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of that are not connected. For instance, if we use color c1 for i and j and color c2 for k and l, then we can use neither c1 nor c2 for m even though m is not connected with k and j. As a result, and since nodes that are not connected can use the same color, the clique number of is equal to the chromatic number of and this is true for all induced graphs of . This implies that is a perfect graph. F. Proof of Lemma V.1 Proof: Due to [21, Cor. 64.9a] the 1’s in x* are correct, namely, there is always an optimal solution to MWIS such that for

, for any

0’s in x* are also correct. Suppose we have some for all , we distinguish between two cases:

with

. Next we show that the

such that

. Given that wi ≥ 0

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(a) wj > 0. In this case there must exist some with ; otherwise we can set to 1 and achieve a strictly higher objective value for problem (6) while maintaining feasibility, which violates the fact that x* is optimal for (6). As a result due to the feasibility constraint. (b) wj = 0. In this case we can simply set maintain feasibility.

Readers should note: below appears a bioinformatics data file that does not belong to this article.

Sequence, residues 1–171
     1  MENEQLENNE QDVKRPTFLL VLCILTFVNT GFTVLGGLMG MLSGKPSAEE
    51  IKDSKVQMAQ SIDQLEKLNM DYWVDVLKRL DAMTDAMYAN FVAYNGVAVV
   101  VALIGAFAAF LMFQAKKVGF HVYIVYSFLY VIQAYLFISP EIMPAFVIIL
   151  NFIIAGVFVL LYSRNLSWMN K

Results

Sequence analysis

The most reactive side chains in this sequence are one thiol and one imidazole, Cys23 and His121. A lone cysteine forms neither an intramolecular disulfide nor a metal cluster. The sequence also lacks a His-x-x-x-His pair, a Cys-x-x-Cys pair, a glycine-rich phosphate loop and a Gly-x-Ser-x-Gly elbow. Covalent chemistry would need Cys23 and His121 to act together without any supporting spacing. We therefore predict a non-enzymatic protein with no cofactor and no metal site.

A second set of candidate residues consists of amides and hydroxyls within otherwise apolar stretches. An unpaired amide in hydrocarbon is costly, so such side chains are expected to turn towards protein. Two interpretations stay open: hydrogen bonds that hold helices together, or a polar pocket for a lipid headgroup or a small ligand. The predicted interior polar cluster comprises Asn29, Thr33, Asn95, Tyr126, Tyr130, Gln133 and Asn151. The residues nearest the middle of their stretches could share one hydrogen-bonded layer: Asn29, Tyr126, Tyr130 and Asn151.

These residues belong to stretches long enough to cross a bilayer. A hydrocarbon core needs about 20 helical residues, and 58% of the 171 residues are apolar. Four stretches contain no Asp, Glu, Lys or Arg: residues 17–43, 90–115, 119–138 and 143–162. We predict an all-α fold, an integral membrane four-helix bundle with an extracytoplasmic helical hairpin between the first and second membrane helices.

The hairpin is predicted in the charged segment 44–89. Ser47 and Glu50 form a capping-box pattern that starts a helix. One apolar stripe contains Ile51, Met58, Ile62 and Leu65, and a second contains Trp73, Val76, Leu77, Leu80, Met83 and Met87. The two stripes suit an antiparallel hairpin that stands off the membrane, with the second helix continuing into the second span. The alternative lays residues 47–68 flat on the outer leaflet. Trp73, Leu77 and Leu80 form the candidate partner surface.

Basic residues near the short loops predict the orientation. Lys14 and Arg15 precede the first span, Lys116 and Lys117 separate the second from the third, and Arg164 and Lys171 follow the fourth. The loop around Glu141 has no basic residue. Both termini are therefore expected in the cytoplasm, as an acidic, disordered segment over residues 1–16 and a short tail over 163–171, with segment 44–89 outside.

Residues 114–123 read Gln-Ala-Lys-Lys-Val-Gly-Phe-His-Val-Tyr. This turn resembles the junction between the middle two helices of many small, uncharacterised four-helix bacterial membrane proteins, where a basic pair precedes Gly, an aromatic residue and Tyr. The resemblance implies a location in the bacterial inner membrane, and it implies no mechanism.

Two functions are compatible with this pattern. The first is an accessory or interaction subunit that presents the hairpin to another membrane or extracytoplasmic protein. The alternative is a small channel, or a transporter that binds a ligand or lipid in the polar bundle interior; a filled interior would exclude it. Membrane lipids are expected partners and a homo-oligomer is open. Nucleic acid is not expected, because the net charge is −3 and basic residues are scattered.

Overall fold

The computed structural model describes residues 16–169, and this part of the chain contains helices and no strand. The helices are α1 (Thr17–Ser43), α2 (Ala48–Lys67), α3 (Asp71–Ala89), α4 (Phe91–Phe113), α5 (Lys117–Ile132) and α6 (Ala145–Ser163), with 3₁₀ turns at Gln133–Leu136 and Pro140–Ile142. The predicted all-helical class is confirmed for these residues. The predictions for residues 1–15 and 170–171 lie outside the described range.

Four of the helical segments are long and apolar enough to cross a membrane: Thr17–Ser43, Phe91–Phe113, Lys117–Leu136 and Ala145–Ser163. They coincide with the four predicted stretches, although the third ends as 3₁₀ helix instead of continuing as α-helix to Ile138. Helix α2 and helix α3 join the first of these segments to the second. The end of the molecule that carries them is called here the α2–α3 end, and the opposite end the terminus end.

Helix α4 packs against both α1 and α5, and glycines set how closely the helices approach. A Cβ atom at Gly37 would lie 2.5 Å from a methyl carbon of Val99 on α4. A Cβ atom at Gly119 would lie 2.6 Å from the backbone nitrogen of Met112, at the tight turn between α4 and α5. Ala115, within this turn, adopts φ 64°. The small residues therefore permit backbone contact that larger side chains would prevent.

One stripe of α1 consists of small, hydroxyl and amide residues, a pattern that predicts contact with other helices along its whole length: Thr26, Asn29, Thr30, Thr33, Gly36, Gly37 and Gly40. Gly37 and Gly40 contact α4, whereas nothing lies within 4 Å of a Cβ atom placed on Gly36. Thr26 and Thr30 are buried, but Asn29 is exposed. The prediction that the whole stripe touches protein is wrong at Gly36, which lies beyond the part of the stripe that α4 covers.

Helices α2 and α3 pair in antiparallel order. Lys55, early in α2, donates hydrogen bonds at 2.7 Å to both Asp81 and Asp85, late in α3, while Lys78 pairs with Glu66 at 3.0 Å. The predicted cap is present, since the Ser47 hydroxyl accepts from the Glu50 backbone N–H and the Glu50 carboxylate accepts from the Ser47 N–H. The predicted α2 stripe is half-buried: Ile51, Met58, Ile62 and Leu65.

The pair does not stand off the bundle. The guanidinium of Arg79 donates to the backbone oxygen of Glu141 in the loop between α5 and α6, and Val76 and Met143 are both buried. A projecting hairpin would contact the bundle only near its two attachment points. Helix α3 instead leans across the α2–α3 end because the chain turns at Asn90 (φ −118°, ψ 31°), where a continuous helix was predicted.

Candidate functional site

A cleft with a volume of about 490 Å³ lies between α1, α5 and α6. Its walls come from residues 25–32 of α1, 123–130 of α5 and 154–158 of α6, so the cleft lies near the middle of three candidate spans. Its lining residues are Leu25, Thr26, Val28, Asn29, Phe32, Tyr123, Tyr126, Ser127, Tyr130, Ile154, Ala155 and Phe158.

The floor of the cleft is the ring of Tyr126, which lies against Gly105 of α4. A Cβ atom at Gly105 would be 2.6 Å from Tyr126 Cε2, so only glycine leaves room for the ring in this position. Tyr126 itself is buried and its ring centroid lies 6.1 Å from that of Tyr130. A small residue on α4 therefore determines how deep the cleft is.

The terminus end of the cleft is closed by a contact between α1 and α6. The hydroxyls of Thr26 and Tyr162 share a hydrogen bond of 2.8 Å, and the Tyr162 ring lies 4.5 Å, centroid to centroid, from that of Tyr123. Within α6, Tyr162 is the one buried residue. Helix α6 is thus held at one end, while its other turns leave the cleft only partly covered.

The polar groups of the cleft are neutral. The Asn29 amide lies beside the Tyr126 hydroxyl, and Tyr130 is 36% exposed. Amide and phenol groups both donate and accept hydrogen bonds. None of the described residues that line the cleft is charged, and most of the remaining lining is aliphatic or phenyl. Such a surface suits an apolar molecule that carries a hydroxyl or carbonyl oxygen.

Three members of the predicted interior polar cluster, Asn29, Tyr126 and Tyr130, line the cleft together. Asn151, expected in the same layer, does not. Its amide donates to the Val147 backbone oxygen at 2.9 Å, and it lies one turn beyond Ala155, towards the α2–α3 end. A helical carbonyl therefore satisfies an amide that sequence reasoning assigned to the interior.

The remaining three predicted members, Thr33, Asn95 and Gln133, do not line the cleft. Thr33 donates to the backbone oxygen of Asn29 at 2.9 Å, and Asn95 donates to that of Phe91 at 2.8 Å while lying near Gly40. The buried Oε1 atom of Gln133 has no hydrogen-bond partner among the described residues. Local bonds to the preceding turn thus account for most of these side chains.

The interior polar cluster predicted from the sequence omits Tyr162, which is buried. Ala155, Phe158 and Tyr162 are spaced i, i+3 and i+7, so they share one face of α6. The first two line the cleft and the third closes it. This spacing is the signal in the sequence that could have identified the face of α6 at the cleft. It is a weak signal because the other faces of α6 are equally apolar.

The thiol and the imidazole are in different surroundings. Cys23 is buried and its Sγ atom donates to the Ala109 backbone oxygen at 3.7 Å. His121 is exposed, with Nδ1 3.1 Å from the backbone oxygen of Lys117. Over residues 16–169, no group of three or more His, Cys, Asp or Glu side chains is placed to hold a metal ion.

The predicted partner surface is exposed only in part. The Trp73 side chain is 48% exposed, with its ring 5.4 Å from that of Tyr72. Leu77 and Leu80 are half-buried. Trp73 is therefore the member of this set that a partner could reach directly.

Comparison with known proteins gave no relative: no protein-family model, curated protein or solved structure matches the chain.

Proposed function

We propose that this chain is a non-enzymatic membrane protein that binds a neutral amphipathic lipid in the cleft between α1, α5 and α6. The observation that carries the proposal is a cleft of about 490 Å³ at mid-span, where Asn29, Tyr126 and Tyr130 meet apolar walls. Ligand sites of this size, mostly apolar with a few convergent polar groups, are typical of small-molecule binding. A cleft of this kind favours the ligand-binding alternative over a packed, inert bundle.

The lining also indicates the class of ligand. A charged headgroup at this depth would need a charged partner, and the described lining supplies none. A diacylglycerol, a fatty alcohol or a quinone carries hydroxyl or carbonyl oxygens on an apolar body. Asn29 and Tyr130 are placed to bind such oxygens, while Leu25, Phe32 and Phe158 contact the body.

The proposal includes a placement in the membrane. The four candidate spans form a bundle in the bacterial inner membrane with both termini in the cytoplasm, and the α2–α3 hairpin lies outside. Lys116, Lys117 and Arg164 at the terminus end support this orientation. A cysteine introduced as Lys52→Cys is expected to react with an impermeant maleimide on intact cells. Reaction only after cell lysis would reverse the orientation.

without changing the objective value and

G. Proof of Theorem V.2 Proof: At the end of each iteration n, the still undetermined node with the largest weight (or smallest ID in its neighborhood if there is a tie) will necessarily set itself to 1. This implies that the number of undetermined nodes will strictly decrease in every iteration. The feasibility of the solution obtained is clear by construction.

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H. Proof of Theorem V.3 Proof: Let

be the set of all the nodes with the correct root information at the . Clearly,

beginning of iteration n, that is,

. At iteration n, if the algorithm has not stopped, there exists at least one link such that 3,

,

and

and

. According to the algorithm in Fig.